I'm certainly interested in the St. Louis Arch and getting across the Mississippi, but I also really want to see the Rocky Mountains, the Snake River, the Tetons, the Black Hills, the Grand Canyon, the vineyards, and pacific coast beaches.

After McLaren's talk, my friend and I had the highlight of the evening when we stopped at one of my favorite places:  Traverse Bay Pie Company.  If you're ever near one, you have to stop and have at least a piece of pie, but don't go alone.  Make sure you have a good conversation partner along.

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Gum, Geckos, and God Blog Tour pt. 4


James SpeigelWelcome to the Gum, Geckos, and God Blog Tour!  I was delighted to be invited to participate.  I not only enjoyed reading the book, but interacting with Jim has been fun, too.  Jim Speigel is Philosophy Professor at Taylor University in Indiana. (Also, Jim and his wife just launched a new blog as well, called Wisdom and Folly.)  I had a hard time confining my questions, so I asked Jim a series of questions.  I'll be posting a new one every couple of hours, and I hope you find these engaging.  Here's the fouth installment. Embarking:  You seem to walk on some potentially dangerous territory with some evangelicals when you say, "...if fetuses and infants can be saved, then belief in Jesus Christ must not be necessary for salvation.  So whatever must be necessary for saving faith, it can't be belief in Jesus." [p. 198]  "One lesson here is that we must reject the narrow concept of explicit faith as necessary for salvation."  [p. 199] And then again when you open up salvation to those who have an implicit faith limited by the amount or type of information or understanding they receive this side of heaven.  If I were CS Lewis, I would tend to agree with you, since he opens up salvation to a post-death experience in his Great Divorce (although admittedly, almost no one survives the trip to heaven from hell and goes further up and further in).  Most people would at least say that faith in the God of Abraham is the same as faith in Jesus, but in those cases, Moses, Abraham, David, and Elijah all knew Yahweh - who even then was the same Trinitarian God.  Can you make any type of biblical case for salvation outside of faith in the Trinitarian God - whether people encounter Christ or not?  A couple things come to mind: 

  1. We are post Jesus, so we're in a different situation than the OT people.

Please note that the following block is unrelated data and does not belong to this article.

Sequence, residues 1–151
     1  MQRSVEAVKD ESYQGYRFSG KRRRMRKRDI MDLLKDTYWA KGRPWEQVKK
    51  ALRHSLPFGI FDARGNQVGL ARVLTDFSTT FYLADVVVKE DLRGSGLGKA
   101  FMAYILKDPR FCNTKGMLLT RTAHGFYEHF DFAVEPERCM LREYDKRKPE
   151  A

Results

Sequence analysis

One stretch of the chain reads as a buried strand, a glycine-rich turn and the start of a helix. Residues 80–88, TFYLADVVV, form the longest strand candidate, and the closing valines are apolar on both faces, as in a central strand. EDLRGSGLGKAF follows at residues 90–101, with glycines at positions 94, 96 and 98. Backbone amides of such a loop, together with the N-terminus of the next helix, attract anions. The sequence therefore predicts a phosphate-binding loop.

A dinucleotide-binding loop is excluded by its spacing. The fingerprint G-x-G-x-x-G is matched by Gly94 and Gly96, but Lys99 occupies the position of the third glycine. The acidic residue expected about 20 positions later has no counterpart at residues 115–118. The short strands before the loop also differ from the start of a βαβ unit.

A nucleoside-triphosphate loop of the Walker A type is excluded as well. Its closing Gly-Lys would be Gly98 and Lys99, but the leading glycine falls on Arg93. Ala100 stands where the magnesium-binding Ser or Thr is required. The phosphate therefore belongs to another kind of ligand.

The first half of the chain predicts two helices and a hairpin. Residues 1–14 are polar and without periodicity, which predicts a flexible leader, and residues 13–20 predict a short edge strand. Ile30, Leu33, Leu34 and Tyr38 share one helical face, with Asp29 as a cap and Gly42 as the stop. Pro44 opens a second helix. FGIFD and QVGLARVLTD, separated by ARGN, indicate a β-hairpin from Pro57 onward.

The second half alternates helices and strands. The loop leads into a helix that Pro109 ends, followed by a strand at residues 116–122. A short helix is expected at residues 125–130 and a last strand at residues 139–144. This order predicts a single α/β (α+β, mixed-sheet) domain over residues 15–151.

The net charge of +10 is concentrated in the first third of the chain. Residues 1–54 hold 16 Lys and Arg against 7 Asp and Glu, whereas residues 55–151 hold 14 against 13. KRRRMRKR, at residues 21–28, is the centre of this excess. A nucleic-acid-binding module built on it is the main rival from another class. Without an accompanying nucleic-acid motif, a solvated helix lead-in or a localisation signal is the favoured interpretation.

2.  Would Paul open salvation to those he talks about in Romans 1, but who never encounter Christ?  
  3. On what grounds can we possibly open up salvation for those who have not heard the gospel?

SPIEGEL:  I addressed this in my response to one of Roger Overton's questions on the A-Team blog last Friday.  To answer your specific questions, in reverse order: 3) my main basis for believeing God can save some who haven't heard the gospel is consistency with the fact that infants (who die) and O.T. saints never heard the gospel but they (or many of them) are saved, which shows in principle that hearing the gospel (or having explicit beliefs about Jesus Christ) is not a necessary condition for salvation; 2) yes, I think Paul would allow for this-see my comments on the A-Team blog for my reply to the counter-argument from Romans 10:14-17; and 1) to say that our temporal location, relative to the life of Jesus, changes the criterion for salvation is arbitrary and groundless.  This is one reason why one may not hear the gospel.  Note that it is temporal in nature (applying to those who lived prior to Christ coming to earth).  Another is spatial (applying to those who don't hear the gospel because of their geographical location-that is, they happen to live in places where the gospel has not been preached).  Now if God can show mercy to some who are temporally removed from the gospel (as we must believe from Scripture), then why can't he also show mercy to some who are spatially removed?  To say that one is decisive while the other is not seems utterly arbitrary, particularly since Scripture makes clear that God transcends both time and space.